But those early good vibrations were an illusion. There was bad news in training camp when Motta realized that Jimmy Jones, the man he was counting on for a solid 20 minutes a game as a third guard, could not play on a wounded knee.
And then, as those early games rolled past, it became obvious there were other problems. Robinson, though a super talent, simply was not fitting into the offensive scheme Motta had in mind.
"Robinson and Elvin just weren't playing that well together," Motta said. "It was like fitting two squares into a round hole."
And Bing wasn't doing the job. He was having difficulty bringing the ball up, he was committing far too many turnovers and his defense left much to be desired.
"I think Dave Bing is one of the all-time greats," no less an authority than Laker center Kareem Abdul-Jabbar said the other day, "but it's obvious he's lost a little."
That was also obvious to Motta and Ferry right from the start.
"We just weren't hitting on all gears," Ferry said. "We were playing at an ugly speed. We weren't running, we had turnovers, there was no rhythm, no style. I made a few trips with the club and it became more and more apparent we had problems. Yes, I got very concerned."
Ferry headed for the telephone. "I started looking for guards right away," he said. "I had a very serious conversation with the Nets about Tiny Archibald. But if we made that deal, we felt it would really hurt Larry Wright's development, so we backed off.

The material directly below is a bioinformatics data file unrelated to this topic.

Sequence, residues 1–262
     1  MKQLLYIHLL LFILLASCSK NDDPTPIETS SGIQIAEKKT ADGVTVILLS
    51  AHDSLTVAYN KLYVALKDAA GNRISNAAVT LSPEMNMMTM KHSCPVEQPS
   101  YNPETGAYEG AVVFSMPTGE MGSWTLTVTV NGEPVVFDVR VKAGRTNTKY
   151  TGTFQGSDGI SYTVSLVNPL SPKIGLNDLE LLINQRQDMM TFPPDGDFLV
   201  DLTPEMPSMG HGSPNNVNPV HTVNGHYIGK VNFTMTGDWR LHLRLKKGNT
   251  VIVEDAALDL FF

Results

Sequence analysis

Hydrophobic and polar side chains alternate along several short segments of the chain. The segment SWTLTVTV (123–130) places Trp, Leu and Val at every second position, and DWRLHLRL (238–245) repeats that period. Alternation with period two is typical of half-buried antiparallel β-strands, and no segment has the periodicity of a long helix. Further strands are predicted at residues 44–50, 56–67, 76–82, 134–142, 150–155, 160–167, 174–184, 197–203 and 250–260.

"I probably could have made 50 different deals, but they all would have been bad deals. You can't afford to panic. When you're losing, it's tough to be patient. And let's face it, we got lucky, too. I this business luck means an awful lot."
Wright helped himself with strong back-to-back performances against Boston early in November, and when the veteran Weiss came aboard two weeks later and began playing himself into shape -- and the lineup -- the crisis eased somewhat.
On Dec. 13 a sulking Nick Weatherspoon went to Seattle for Gray, a strong rebounder, an excellent passer, a tough defensive player and, best of all, a forcer.
On Jan. 14, Motta made another major move. He benched Bing and started Wright at the playmaking guard position. The Bullets went on a tear, winning their next eight games.
They were running, the ball was coming up court quickly, the turnovers were cut down, and the Bullets seemed to be playing with zest and enthusiasm.
"It wasn't all Bing's fault," Motta says now. "But when you're floundering and you think, 'Hey, we might not make the playoffs if we stay like this,' well, you have to make a change."